As Claudius, Elijah Alexander needs more romantic swagger. A comic signifier of age is a pratfall when awkwardly attempting to climb through the window of their love nest.

Yet again, in the supporting role of Gertrude’s attendant Herda, Mary Stout was wonderful. She is wary of Claudius and acts to protect the reputation of her mistress. On two occasions she delivered the best lines of the evening and brought the house down.

The usually brilliant Rocco Sisto never landed the court attendant Polonius. There were miscues and blown lines. The character is played as a pompous fool in Hamlet. Here he is outed as corrupt and blackmailed by Gertrude. She wants secret access to his country residence. Polonius  acquired the property with embezzled funds.

When King Amleth confronts Claudius about adultery there will be consequences. Fearing a death sentence Polonius conspires with Claudius. This is a very different take on the character. His daughter Ophelia is mentioned but never appears.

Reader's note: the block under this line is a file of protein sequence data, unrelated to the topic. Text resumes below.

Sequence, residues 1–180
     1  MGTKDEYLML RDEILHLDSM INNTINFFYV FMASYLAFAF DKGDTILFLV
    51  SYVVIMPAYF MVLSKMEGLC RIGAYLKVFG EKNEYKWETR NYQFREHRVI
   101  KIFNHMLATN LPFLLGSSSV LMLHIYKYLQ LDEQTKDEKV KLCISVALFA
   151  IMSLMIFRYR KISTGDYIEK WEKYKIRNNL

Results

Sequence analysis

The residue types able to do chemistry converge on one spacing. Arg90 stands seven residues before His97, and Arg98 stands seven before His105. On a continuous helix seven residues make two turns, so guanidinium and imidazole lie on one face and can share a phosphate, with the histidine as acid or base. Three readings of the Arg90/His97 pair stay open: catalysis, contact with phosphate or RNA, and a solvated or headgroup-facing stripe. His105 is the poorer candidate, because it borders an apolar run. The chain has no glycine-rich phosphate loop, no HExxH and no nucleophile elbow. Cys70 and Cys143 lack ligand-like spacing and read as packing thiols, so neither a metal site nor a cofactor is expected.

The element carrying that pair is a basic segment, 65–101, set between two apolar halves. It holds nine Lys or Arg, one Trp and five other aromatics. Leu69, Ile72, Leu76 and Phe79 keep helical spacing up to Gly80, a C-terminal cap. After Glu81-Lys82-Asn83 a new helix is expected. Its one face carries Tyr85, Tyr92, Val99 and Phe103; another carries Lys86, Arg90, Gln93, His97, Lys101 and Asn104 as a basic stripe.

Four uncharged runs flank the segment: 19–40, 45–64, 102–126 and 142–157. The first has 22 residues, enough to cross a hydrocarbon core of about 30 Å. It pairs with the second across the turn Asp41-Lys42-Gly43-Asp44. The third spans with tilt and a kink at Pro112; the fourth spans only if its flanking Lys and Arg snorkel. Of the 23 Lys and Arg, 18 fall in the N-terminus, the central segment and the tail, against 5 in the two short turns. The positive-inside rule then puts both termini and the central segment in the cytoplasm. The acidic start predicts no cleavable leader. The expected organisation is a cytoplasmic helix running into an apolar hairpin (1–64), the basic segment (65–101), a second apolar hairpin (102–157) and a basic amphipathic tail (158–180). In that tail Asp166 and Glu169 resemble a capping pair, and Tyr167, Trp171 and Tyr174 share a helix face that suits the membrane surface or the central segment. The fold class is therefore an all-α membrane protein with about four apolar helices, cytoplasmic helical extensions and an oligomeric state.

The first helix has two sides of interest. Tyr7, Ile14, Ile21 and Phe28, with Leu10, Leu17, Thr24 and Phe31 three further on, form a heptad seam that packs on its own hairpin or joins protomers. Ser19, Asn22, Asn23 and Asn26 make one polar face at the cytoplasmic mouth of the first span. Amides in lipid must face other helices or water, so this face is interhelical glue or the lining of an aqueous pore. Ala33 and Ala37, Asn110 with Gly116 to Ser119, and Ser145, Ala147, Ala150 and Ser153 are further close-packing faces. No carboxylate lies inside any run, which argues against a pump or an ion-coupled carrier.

Again, this is not about Hamlet. Nick Lamedica as (Hamlet/Yorick) created thumbnails of both characters doing the best with what little he was given.

Historically the play is set in Elsinore during the 13th century. The design by Lee Savage with its rough masonry walls coveys a late medieval/ gothic castle. During that period they were grim and dank. They were fortifications not palaces. Royalty lived more in squalor than luxury. The costume designs of Sara Jean Tosetti are overly ornate. They convey the Danish court as too prosperous. She has draped Gertrude with brocade and jewels suitable to Theodora of Ravenna. Tosetti has the men wearing long, awkward capes. They are topped, not just with fur, but taxidermy. It's ludicrous to see Claudius with a large dead animal wrapped around his neck.